*5. Add more disks to reduce the number of I/Os for each disk*
              *6. Alleviate I/O hot spots by redistributing I/O across existing disks*

              See Also:

              Chapter 8, "I/O Configuration and Design"

              The first course of action should be to find opportunities to reduce I/O. Examine the SQL statements being run by sessions waiting for these events, as well as statements causing high physical I/Os from V$SQLAREA. Factors that can adversely affect the execution plans causing excessive I/O include the following:

              * Improperly optimized SQL
              * Missing indexes
              * High degree of parallelism for the table (skewing the optimizer toward scans)
              * Lack of accurate statistics for the optimizer
              * Setting the value for DB_FILE_MULTIBLOCK_READ_COUNT initialization parameter too high which favors full scans

              Inadequate I/O Distribution

              Besides reducing I/O, also examine the I/O distribution of files across the disks. Is I/O distributed uniformly across the disks, or are there hot spots on some disks? Are the number of disks sufficient to meet the I/O needs of the database?

              See the total I/O operations (reads and writes) by the database, and compare those with the number of disks used. Remember to include the I/O activity of LGWR and ARCH processes.
              Finding the SQL Statement executed by Sessions Waiting for I/O

              Use the following query to determine, at a point in time, which sessions are waiting for I/O:

              SELECT SQL_ADDRESS, SQL_HASH_VALUE
              FROM V$SESSION
              WHERE EVENT LIKE 'db file%read';

              Finding the Object Requiring I/O

              To determine the possible causes, first query V$SESSION to identify the value of ROW_WAIT_OBJ# when the session waits for db file scattered read. For example:

              SELECT row_wait_obj#
              FROM V$SESSION
              WHERE EVENT = 'db file scattered read';

              To identify the object and object type contended for, query DBA_OBJECTS using the value for ROW_WAIT_OBJ# that is returned from V$SESSION. For example:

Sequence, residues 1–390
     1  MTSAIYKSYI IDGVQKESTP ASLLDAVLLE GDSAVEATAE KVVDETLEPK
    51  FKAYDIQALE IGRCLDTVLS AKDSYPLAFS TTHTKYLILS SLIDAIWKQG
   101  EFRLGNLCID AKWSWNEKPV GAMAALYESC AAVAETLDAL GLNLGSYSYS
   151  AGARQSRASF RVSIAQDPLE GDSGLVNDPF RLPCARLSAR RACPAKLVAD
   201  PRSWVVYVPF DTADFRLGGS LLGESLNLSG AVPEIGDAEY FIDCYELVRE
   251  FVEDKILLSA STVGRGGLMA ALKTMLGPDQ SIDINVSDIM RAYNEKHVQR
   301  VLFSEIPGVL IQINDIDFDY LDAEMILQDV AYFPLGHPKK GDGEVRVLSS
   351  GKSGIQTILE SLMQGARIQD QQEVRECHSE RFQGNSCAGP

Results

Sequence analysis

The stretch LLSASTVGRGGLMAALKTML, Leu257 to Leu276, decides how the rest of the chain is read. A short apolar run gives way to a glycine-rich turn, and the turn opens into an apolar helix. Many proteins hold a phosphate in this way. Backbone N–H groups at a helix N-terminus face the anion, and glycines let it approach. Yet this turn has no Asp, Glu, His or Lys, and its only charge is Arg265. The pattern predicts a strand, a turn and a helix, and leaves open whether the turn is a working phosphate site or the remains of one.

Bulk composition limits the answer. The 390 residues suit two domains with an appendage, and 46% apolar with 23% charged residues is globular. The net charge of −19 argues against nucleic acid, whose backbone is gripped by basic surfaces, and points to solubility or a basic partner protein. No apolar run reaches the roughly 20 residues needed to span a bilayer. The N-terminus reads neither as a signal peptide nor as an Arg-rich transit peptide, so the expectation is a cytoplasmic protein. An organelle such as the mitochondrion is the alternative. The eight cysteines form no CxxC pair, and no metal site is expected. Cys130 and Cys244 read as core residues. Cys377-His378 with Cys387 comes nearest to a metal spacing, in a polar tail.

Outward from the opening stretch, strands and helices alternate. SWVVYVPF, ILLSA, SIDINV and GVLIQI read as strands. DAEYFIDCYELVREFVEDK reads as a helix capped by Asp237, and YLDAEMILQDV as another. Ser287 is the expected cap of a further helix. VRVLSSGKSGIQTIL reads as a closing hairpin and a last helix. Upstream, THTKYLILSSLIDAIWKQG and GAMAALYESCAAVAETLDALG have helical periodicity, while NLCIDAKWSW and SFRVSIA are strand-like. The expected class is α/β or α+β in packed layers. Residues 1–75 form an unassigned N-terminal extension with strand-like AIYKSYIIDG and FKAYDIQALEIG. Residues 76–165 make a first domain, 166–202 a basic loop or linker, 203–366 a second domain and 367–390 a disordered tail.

SELECT owner, object_name, subobject_name, object_type
              FROM DBA_OBJECTS
              WHERE data_object_id = &row_wait_obj;

              *db file sequential read*

              This event signifies that the user process is reading a buffer into the SGA buffer cache and is waiting for a physical I/O call to return. A sequential read is a single-block read.

              Single block I/Os are usually the result of using indexes. Rarely, full table scan calls could get truncated to a single block call due to extent boundaries, or buffers already present in the buffer cache. These waits would also show up as 'db file sequential read'.

              Check the following V$SESSION_WAIT parameter columns:

              * P1 - The absolute file number
              * P2 - The block being read
              * P3 - The number of blocks (should be 1)

              See Also:

              "db file scattered read" for information on managing excessive I/O, inadequate I/O distribution, and finding the SQL causing the I/O and the segment the I/O is performed on

              Actions

              On a healthy system, physical read waits should be the biggest waits after the idle waits. However, also consider whether there are db file sequential reads on a large data warehouse that should be seeing mostly full table scans with parallel query.

              * db file sequential read (single block read into one SGA buffer)
              * db file scattered read (multiblock read into many discontinuous SGA buffers)
              * direct read (single or multiblock read into the PGA, bypassing the SGA)